DUBAI (Reuters)—Iranian shops shut their doors in several cities on Monday, following calls for a three-day nationwide strike from protesters seeking the fall of clerical rulers, while the head of the judiciary blamed what he called "rioters" for threatening shopkeepers.
Iran has been rocked by nationwide unrest following the death of Iranian Kurdish woman Mahsa Amini on Sept. 16 in police custody, posing one of the strongest challenges to the Islamic Republic since the 1979 revolution.
Amini was arrested by Iran's morality police for flouting the strict hijab policy, which requires women to dress modestly and wear headscarves. Women have played a prominent role in the protests, many of them waving or burning their headscarves.
The semi-official Tasnim news agency reported on Monday that an amusement park at a Tehran shopping center was closed by the judiciary because its operators were not wearing the hijab properly.
The reformist-leaning Hammihan newspaper said that morality police had increased their presence in cities outside Tehran, where the force has been less active over recent weeks.
Iran's public prosecutor on Saturday was cited by the semi-official Iranian Labour News Agency as saying that the morality police had been disbanded. But there was no confirmation from the Interior Ministry and state media said the public prosecutor was not responsible for overseeing the force.
Ali Khanmohammadi, spokesman for Iran's headquarters for Promoting Virtue and Preventing Vice which oversees implementation of religious edicts, said on Monday the era of the morality police was over, but that there will be other methods to enforce Islamic dress code.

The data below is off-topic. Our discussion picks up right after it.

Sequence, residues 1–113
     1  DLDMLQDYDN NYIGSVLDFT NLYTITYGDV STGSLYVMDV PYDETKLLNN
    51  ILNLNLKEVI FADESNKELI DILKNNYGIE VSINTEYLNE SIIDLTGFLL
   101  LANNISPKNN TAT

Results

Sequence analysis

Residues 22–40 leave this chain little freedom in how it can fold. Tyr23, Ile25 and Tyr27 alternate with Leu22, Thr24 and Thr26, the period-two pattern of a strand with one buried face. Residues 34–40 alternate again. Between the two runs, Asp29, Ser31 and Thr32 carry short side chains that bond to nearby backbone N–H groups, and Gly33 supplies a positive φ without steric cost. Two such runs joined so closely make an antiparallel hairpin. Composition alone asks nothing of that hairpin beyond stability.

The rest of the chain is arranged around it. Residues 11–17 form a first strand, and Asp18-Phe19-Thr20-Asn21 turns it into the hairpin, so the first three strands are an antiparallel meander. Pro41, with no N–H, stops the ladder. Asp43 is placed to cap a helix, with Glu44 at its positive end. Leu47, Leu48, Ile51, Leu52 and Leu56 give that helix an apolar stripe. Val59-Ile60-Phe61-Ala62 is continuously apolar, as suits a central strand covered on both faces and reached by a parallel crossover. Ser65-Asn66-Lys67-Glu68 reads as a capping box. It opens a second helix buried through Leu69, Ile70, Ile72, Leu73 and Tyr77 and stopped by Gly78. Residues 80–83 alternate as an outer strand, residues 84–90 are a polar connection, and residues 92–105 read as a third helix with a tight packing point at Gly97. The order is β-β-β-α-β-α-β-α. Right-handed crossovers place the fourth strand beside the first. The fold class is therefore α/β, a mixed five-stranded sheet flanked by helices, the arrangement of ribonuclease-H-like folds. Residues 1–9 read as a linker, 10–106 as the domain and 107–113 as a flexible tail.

"Decisions are being made to confront those violations of hijab by a small group of women... officials cannot remain indifferent towards these violations," Khanmohammadi said
Last week, Vice President for Women's Affairs Ensieh Khazali said that the hijab was part of the Islamic Republic's general law and that it guaranteed women's social movement and security.
In the shop protests, 1500tasvir, a Twitter account with 380,000 followers focused on the protests, shared videos on Monday of shut stores in commercial areas such as Tehran's Bazaar, and other large cities such as Karaj, Isfahan, Mashhad, Tabriz, and Shiraz.
Reuters could not immediately verify the footage.
The head of Iran's judiciary, Gholamhossein Mohseni Ejei, said that "rioters" were threatening shopkeepers to close their businesses and added they would be swiftly dealt with by the judiciary and security bodies. Ejei said protesters condemned to death would soon be executed.
The Revolutionary Guards issued a statement praising the judiciary and calling on it to swiftly and decisively issue a judgment against "defendants accused of crimes against the security of the nation and Islam".
Security forces would show no mercy toward "rioters, thugs, terrorists", the semi-official Tasnim news agency quoted the guards as saying.
Witnesses speaking to Reuters said riot police and the Basij militia had been heavily deployed in central Tehran.
The semi-official Fars news agency confirmed that a jewelry shop belonging to former Iranian footballer Ali Daei was sealed by authorities, following its decision to close down for the three days of the general strike.
Similar footage by 1500tasvir and other activist accounts was shared of closed shops in smaller cities like Bojnourd, Kerman, Sabzevar, Ilam, Ardabil, and Lahijan.
Kurdish Iranian rights group Hengaw also reported that 19 cities had joined the strike movement in western Iran, where most of the country's Kurdish population live.
Hundreds of people have been killed in the unrest since the death of Amini, a 22-year-old woman who was detained by the morality police for flouting hijab rules.
(Reporting by Dubai Newsroom; Editing by Michael Georgy, Nick Macfie, and Angus MacSwan)
Published under: Iran